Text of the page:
Keeping things interesting
“I strive to make music that inspires other people to make music.” Buzz Osborne can rest easy, after all, he did help spawn the sound of an entire decade of music. '90s giants Nirvana, Tool and Soundgarden owed their sound, their success, to a band named after a dude no one liked. Buzz Osborne and Dale Crover gave birth to their l'enfant terrible in the early '80s and while their problem child is all grown up, it's still wreaking havoc. 25 years and 22 albums later the guys are still causing tinnitus in tender eardrums and have recently released an album of covers. Surprising fans with some of their choices Everybody Loves Sausage includes tracks from Queen, Divine, The Fugs, The Jam and Aussie swamp rockers The Scientists and features cameos by Mark Arm, Scott Kelly and Clem Burke. Prolific, playful, profound and anything but prosaic, Buzz Osborne tells us why The Melvins is not the easiest band to like.
When did you start writing/producing music - and what or who were your early passions and influences?
I've been writing music for over 30 years and I've been playing guitar for 32 years… Written over 200 songs easily… Early influences were Hendrix, The Who and the Ramones… I think influences are a hard question to answer. Where do you begin? They could be anything.
What do you personally consider to be the incisive moments in your artistic work and/or career?
When I quit my job cooking and delivering pizza and concentrated only on music, that was in 1988. 25 years with no other job! I'm cool with that believe me and I see no reason to screw it up.
What are currently your main compositional- and production-challenges?
The biggest musical road block is just trying to decide what to do. Anything goes as far as we're concerned and we simply try to keep it interesting which is not always easy. I write music and behave band-wise in a fashion that I would appreciate as a fan. I have a wide variety of interests.
What do you usually start with when working on a new piece?
Music comes first always, then the lyrics get inspired by what the song sounds like, unless it has no lyrics. Sometimes the best instrumental songs have lyrics as well… Ha!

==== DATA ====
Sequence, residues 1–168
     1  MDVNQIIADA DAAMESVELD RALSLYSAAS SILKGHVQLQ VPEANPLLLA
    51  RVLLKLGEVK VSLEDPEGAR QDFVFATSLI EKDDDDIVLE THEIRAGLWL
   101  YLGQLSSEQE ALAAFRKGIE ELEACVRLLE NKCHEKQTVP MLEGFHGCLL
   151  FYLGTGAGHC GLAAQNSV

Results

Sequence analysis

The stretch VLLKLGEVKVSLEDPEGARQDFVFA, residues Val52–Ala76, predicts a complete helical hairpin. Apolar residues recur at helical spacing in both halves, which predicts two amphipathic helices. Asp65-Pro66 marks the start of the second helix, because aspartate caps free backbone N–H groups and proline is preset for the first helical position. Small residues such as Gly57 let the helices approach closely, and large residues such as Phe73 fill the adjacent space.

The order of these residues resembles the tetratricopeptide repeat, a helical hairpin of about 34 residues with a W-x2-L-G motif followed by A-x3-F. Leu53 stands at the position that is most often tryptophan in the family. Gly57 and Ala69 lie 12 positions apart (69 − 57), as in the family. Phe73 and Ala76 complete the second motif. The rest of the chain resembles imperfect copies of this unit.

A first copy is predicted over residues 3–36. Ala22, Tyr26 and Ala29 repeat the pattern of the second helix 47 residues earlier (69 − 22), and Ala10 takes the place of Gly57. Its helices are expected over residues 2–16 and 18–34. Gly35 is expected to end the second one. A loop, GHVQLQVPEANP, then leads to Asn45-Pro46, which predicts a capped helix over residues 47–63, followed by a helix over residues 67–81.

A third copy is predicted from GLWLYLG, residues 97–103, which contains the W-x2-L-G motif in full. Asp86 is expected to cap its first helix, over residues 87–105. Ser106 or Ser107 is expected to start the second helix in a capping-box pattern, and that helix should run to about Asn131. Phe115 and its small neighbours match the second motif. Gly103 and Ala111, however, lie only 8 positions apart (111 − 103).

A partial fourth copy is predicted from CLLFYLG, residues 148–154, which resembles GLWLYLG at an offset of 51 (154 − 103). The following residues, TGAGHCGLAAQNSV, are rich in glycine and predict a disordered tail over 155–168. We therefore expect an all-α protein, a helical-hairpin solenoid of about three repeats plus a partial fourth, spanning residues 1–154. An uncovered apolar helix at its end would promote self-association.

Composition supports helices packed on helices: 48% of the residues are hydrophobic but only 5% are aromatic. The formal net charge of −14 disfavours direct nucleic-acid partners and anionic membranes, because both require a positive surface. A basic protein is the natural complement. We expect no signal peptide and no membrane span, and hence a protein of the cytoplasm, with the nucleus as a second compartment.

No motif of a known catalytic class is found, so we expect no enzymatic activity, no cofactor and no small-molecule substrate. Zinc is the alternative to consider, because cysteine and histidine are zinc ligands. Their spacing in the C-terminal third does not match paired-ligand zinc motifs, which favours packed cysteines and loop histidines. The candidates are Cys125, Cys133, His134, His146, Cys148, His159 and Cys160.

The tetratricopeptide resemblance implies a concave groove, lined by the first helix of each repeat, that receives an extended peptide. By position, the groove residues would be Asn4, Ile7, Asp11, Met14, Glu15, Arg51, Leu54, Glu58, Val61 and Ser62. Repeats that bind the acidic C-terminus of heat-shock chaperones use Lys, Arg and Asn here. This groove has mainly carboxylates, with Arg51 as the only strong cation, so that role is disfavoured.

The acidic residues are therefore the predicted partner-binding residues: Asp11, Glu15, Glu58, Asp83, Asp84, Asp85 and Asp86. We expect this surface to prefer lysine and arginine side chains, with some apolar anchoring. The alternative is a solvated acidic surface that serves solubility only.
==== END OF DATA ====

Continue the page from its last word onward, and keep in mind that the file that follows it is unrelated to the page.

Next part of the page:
How strictly do you separate improvising and composing?
Live we don't do a lot of improvising but my guitar solos change a bit as the tour goes on. Composing is like improvising because you are making shit up as you go along and then it turns into something else hopefully.
How do you see the relationship between sound, space and composition?
It's about sound it's about space it's about fucking up your face. I suppose the in-between bits are as important and the noise itself.
Do you feel it important that an audience is able to deduct the processes and ideas behind a work purely on the basis of the music? If so, how do you make them transparent?
I'm not 100% sure what it is you're getting at but I'll take a crack at it anyway. I have NO idea what the audience deducts and usually don't ask them if they get it. It's usually better not to know. Peter Green wrote in the song Oh Well, the lyric "Don't ask me what I think of you, I might not give the answer that you want me to." I think that's good advice under any circumstance. Honestly I hate talking to people who use the phrase "yeah but." Like if I was dumb enough to ask a fan if they liked the show they would say "yeah, but…" and then I have to stand there and listen to what comes after the "but." "Yeah but..." is the mating call of the asshole...
In how much, do you feel, are creative decisions shaped by cultural differences – and in how much, vice versa, is the perception of sound influenced by cultural differences?
Cultural differences? Do you imagine all cultures walk in lock step? Are all white people the same? Are all black people the same? Are all Asian people the same? I'm considered a white person and I guarantee you most white people in the world have NO interest in what I'm doing musically. They don't like it.
This has nothing to do with culture obviously. If what you are talking about is MUSICAL culture then my answer would be very similar. I suppose there is a hip-hop culture and a heavy metal culture but we don't fit into those cultures either. Now I have no idea how other people write music or who they imagine they are writing it for, all I know is that I've never taken into consideration WHO was going to be listening to my music. I've always just assumed I had good taste and that if I write music that I like other people will like it too.